What is the sound of one writ dropping?

For those of you who don't live in Canada, and possibly for some who do, "drop the writ" is a phrase that means we're having an election. In this case, it will be a federal election. On Friday, the three opposition parties passed a motion censuring the Conservative government for contempt of Parliament and declaring that they have no confidence in the government. Since the Conservatives have a plurality but not a majority of seats in the House of Commons, that means they cannot continue to govern.

On Saturday, Governor-General David Johnston granted Prime Minister Stephen Harper's request to dissolve Parliament and start an election. By law, a campaign has to run for at least 36 days and end on a Monday, so we'll be going to the polls on Monday, May 2.

One curious part of all this is that most of it is by tradition only. It's not part of our written constitution. But it's how the Westminster System has run since, oh, I don't know, the signing of the Magna Carta or something. At any rate, a long time. Stephen Harper has run roughshod over quite a few Canadian traditions, but there are some that even he can't touch.

So the campaign has begun. And since our election campaigns last for not much more than a month, they're pretty intense.

I'm a card-carrying member of the Liberal Party of Canada (seriously, there's a membership card in my wallet), so I admit to being partisan. For me, the best outcome would be a Liberal majority. When I moved to Canada in 1994, the Liberals were in power under Prime Minister Jean Chrétien. Those first years were difficult, because the previous Progressive Conservative government had been unwilling to curb spending. With the debt-to-GDP ratio dangerously high, the International Monetary Fund was poised to step in to impose austerity measures. Instead, Chrétien, together with his finance minister (and, curiously, chief rival) Paul Martin made drastic cuts at the federal level. Within something like two years, they were bringing in surplus budgets and slowly restoring some of the spending they had cut. There had never been such competent financial management in Canadian government, and probably in most coutries in the world.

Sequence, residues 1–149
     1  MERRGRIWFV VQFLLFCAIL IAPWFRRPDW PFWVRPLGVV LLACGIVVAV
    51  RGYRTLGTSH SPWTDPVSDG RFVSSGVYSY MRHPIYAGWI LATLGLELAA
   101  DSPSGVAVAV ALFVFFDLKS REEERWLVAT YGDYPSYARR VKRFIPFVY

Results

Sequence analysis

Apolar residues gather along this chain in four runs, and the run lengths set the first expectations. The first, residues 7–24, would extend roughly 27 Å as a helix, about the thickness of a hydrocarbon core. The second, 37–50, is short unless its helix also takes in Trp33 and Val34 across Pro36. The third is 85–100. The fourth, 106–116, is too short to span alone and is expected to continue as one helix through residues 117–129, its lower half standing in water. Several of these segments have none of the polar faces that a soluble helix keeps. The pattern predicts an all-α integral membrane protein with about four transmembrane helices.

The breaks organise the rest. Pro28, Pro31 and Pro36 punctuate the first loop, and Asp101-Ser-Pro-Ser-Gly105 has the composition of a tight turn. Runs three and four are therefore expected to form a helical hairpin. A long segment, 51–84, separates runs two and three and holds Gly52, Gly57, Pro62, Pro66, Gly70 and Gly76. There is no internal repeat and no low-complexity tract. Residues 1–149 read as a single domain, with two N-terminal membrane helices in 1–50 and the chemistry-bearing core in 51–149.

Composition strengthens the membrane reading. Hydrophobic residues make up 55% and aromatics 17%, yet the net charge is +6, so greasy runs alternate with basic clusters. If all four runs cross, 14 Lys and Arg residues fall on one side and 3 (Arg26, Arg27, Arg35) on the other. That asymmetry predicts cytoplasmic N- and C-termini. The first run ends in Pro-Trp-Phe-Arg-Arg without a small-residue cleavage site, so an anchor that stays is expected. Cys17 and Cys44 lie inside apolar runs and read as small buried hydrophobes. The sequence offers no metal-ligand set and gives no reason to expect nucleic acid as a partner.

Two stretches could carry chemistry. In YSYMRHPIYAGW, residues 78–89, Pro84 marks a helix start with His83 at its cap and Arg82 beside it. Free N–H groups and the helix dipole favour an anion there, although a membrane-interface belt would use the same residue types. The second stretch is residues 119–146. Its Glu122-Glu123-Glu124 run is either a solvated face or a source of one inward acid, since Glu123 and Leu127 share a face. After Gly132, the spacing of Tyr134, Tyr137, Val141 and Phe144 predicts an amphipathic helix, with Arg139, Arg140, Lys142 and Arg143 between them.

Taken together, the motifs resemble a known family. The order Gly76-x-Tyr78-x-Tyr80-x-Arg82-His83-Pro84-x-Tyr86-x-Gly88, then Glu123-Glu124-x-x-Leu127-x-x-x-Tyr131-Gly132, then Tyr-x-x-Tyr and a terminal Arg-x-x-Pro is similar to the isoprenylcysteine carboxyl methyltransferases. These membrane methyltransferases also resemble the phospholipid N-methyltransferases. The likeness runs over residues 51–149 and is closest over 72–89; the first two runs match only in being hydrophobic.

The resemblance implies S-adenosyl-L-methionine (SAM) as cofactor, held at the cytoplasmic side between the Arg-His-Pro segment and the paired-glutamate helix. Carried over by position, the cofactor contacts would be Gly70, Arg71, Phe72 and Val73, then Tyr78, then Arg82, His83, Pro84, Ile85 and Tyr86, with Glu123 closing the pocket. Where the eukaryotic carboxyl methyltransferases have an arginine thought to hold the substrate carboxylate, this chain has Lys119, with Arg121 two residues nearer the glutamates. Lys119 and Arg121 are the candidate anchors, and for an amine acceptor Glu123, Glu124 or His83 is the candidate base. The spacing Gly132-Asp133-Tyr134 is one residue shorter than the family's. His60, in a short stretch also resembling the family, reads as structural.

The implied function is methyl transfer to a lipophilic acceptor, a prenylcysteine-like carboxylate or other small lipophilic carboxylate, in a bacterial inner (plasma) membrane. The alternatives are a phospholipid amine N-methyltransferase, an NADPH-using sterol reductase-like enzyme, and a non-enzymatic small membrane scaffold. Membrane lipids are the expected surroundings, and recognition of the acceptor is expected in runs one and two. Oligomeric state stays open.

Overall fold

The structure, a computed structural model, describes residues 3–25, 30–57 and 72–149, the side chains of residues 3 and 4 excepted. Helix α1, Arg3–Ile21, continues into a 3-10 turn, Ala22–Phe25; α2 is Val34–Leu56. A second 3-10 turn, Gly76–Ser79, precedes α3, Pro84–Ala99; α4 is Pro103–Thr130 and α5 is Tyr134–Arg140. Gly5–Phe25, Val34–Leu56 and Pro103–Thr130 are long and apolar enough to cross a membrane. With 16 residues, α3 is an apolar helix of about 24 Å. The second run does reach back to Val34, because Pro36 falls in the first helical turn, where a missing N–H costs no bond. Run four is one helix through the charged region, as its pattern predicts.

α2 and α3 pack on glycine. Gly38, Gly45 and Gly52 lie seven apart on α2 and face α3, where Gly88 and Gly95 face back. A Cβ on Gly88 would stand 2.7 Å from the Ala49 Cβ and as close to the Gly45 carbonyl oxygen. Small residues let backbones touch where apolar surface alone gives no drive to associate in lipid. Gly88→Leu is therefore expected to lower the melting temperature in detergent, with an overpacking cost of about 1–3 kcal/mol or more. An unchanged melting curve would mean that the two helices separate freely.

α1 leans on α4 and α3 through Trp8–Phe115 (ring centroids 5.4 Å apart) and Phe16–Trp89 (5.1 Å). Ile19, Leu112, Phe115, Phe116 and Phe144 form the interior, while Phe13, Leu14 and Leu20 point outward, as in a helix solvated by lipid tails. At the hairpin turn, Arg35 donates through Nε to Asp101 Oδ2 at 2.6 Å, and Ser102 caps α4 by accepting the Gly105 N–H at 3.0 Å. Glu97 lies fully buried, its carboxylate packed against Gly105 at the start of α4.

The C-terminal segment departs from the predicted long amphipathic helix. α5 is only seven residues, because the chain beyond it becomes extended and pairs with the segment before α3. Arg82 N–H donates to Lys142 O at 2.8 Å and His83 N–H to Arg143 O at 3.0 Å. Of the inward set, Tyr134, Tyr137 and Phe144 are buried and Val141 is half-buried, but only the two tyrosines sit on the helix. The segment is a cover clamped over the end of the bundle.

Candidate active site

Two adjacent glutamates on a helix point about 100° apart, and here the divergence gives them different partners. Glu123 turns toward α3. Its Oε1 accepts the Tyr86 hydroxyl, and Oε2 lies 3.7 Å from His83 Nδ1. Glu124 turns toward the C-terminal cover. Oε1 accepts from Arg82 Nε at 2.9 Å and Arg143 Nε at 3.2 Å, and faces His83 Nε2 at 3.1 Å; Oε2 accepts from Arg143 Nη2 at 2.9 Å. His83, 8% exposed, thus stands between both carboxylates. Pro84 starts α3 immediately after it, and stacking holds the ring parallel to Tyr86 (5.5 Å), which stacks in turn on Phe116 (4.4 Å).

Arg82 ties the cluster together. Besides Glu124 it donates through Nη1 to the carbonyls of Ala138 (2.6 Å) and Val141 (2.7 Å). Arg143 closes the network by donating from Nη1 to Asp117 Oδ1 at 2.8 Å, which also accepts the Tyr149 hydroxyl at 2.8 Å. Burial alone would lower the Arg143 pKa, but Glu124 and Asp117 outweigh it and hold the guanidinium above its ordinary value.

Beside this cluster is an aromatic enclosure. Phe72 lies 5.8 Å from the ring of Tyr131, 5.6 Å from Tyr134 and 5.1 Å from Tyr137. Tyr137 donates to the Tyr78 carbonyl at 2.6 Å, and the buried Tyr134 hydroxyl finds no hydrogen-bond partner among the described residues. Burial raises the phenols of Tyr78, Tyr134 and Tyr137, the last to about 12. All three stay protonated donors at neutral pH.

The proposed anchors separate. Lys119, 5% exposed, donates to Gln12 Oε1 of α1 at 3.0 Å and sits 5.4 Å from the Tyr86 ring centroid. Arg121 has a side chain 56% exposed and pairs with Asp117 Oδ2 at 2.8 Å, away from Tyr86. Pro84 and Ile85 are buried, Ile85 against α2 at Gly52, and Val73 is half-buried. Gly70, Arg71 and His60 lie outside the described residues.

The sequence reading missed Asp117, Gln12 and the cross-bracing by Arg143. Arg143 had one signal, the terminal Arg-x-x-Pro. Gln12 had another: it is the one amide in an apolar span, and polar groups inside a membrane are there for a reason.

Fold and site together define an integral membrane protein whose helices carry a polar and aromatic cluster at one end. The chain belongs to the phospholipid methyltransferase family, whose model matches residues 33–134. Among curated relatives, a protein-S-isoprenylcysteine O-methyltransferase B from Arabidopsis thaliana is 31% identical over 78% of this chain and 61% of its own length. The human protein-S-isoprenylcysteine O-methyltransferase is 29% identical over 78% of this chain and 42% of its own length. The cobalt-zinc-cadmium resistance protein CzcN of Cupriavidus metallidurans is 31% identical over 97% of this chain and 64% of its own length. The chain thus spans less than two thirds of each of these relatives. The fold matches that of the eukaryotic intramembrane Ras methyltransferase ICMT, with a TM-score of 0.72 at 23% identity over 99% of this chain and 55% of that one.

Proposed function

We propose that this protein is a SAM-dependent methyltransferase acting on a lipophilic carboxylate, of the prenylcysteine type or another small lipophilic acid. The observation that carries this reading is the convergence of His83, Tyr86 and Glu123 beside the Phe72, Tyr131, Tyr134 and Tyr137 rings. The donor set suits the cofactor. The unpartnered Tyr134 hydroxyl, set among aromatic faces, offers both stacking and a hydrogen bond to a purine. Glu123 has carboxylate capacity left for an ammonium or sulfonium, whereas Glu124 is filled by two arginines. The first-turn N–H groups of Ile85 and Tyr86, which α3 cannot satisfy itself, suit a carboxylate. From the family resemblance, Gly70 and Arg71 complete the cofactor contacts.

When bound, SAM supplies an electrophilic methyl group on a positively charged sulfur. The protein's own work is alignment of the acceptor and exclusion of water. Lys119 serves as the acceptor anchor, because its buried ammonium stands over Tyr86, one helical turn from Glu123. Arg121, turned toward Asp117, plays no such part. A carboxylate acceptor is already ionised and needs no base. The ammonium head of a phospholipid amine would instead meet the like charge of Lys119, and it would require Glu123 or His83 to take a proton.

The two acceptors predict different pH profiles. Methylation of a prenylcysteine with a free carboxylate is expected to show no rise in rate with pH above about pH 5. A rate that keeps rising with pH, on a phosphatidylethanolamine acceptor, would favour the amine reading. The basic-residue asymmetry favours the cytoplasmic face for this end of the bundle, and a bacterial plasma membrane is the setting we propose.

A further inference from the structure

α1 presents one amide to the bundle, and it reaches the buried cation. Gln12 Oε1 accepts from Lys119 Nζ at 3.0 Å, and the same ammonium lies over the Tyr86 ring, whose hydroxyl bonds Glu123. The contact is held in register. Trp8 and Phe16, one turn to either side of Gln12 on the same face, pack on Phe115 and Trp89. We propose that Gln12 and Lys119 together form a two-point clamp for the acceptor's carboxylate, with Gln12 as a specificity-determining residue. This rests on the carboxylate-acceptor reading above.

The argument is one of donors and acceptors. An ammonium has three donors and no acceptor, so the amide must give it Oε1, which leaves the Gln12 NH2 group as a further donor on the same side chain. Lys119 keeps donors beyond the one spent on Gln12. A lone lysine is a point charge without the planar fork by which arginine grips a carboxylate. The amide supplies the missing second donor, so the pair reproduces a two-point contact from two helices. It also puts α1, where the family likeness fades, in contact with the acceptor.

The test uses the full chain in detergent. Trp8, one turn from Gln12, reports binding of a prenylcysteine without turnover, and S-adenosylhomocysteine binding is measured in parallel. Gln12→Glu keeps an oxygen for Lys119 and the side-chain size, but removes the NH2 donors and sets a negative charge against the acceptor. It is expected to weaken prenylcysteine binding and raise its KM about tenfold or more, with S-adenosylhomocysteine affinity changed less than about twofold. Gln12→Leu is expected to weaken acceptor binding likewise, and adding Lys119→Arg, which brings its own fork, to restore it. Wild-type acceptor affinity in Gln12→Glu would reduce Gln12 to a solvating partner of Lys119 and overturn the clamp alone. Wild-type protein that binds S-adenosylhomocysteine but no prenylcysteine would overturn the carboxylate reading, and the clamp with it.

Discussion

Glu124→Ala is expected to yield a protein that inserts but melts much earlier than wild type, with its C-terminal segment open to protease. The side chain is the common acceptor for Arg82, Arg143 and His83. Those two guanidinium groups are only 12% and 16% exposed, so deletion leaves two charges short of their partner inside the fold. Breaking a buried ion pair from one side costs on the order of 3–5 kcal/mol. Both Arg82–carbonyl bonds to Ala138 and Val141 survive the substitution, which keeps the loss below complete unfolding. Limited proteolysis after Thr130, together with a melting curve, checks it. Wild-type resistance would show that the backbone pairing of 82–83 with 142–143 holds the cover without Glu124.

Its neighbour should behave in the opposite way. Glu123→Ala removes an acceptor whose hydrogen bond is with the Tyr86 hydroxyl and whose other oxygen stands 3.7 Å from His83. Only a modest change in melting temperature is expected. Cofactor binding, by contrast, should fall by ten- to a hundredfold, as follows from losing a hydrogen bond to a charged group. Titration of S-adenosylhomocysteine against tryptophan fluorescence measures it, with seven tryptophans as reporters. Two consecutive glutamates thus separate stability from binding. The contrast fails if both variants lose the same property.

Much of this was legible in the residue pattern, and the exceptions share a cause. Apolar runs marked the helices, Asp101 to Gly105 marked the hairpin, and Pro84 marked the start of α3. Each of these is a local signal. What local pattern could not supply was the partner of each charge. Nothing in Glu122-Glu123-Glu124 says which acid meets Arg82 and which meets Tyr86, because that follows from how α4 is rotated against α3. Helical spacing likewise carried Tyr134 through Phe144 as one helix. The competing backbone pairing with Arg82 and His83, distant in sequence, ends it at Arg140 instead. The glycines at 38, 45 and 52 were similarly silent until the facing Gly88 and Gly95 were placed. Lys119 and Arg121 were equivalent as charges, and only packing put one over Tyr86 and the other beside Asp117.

I miss Jean Chrétien, for all his flaws (and he had plenty). In his prime, he would have had Stephen Harper for lunch and picked his teeth with the bones. He was a tough old bird on the campaign trail and made politically courageous decisions when in power.

Sadly (for me), there is unlikely to be a Liberal majority any time soon. Somehow, people have forgotten that Liberal values are the Canadian values they support. The current leader, Michael Ignatieff, has not yet succeeded in connecting with people. Even a Liberal minority will be an uphill battle.

The worst outcome I can imagine is a Conservative majority. So far, with two minority governments, the Conservatives have been somewhat held in check by the opposition parties. They have still managed to rack up a long list of damage. If the Conservatives were to win a majority, their socially conservative core would be unleashed. I'm reasonably sure a majority of Canadians, even many who voted Conservative, would be appalled by what a Conservative majority would do.

These are not the Progressive Conservatives of Brian Mulroney, Kim Campbell, and Joe Clark. I can't even bring myself to call this party "Tory." The Tory party died when the last federal PC leader, Peter MacKay, sold out to the Canadian Alliance, previously called the Reform Party. The Harper Conservatives are the Reform Party with a new brand and even less compassion than they had under leader Preston Manning.

If the Conservatives were to win a majority, we'd have four long years to regret it.